The community-based economic development organization is located in Kalamazoo and provides services such as business-to-business marketing, supply chain recruitment, workforce development, capital acquisition, site selection, consulting services and brand development.
“Although I have great respect for my friends at the State, it can be less fulfilling when you are working on the entire state of Michigan because it is so different across the board. What works in the U.P. is very different from what will work in Detroit,” said Owens.
“When you are working in statewide economic development, you have a set of tools you have to try to deploy throughout the state. You are often not having long-term relationships with companies, and you are not nurturing the community in which you live.”
It was just three years later when the former CEO of Lakeshore Advantage, Randy Thelen, walked into the Southwest Michigan First offices and informed Owens he wanted her to take on the leadership position.
“Randy and I had a long conversation about Holland, this community, how committed it was, and he just kept on needling me to take a look at it,” said Owens. “This community that I get a chance to be a part of has so many incredible attributes, so many incredible businesses.
“We have the lakeshore, but it is still kind of a secret to the outside world what exists here. There is a great, incredible humility about this community.”
Jane Clark, president of Michigan West Coast Chamber of Commerce and member of the Lakeshore Advantage board of directors, said Owens has been a terrific partner to the Chamber of Commerce.
“I love Jennifer. Our community has world-class employers and so it is really important that the head of our economic development agency is also world-class. We certainly have that in Jennifer,” said Clark. “She is a big-picture thinker, she is ambitious and she has just positive energy.”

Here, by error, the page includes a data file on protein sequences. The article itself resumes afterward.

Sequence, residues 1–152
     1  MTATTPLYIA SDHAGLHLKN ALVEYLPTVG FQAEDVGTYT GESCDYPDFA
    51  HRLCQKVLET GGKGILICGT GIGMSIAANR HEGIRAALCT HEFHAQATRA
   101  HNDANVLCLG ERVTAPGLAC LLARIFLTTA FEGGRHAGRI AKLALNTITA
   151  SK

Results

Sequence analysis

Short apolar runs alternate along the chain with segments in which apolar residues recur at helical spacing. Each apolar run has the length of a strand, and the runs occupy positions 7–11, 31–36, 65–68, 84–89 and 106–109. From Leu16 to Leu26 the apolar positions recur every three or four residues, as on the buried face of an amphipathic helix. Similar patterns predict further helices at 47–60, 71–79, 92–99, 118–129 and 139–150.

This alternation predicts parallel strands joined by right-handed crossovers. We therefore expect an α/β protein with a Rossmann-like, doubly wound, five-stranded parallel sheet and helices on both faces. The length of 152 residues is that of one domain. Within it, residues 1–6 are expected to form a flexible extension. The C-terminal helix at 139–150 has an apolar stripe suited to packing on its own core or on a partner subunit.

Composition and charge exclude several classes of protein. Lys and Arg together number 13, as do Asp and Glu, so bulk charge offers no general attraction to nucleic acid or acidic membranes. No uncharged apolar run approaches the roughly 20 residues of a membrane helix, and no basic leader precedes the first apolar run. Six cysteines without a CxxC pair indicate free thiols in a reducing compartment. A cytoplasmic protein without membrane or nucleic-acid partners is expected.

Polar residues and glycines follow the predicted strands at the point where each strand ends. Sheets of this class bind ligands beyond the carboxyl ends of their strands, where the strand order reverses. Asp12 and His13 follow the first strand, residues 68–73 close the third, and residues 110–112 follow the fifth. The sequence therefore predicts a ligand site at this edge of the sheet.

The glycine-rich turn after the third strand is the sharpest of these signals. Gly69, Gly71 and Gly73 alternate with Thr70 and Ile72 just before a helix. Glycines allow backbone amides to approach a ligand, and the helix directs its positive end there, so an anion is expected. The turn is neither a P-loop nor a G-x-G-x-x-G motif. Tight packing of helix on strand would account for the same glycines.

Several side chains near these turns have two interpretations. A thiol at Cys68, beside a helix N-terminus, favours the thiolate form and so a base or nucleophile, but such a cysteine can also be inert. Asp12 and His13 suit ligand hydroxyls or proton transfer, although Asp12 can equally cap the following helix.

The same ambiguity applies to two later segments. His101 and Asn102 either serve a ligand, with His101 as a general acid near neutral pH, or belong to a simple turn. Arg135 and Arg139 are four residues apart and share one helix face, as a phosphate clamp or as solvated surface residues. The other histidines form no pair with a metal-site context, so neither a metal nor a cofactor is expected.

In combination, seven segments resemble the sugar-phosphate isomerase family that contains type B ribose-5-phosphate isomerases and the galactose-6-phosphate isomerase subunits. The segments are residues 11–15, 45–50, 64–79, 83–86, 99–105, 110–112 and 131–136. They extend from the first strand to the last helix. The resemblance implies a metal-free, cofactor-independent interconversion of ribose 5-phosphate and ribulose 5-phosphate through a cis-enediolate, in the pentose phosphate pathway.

Owens also serves on the board of the Michigan West Coast Chamber, which is an example of how well the two organizations work together, according to Clark.
“It just shows our commitment to each other’s organization — to complement each other’s work and not duplicate each other’s work,” said Clark. “The highest priority for both organizations is talent development and, as we work together, we play to each other’s strengths as opposed to competing because, for both of us, it is all about what is best for the community.”
Owens indicated that, although growing the idea of regionalism in the West Michigan community may be a challenge, it is an opportunity for the area to enhance its talent attraction.
“Today’s talent is really picking (a location) based on a community and the amenities offered, not based on a job. I would love to see us come together, have this great sense of regional pride that extends beyond West Michigan so folks from outside West Michigan clearly know the value proposition of (this region) versus anywhere else in the state,” said Owens.
“Continuing to grow that sense of regional connection and connectivity is incredibly important for all of us that do this type of work.”
Owens volunteers with the Holland/Zeeland/Hamilton initiative Ready for School, which advocates for school readiness in young children, removing barriers to early childhood education and ensuring parents have access to learning tools.
“In the Holland/Zeeland area, we do have a very strong concentration of kids who are entering kindergarten who don’t have those basic building blocks,” said Owens.
“Those kids are our economic development engines of the future. If we don’t address early childhood education as a community now, we will continue to struggle for the workforce of the future.”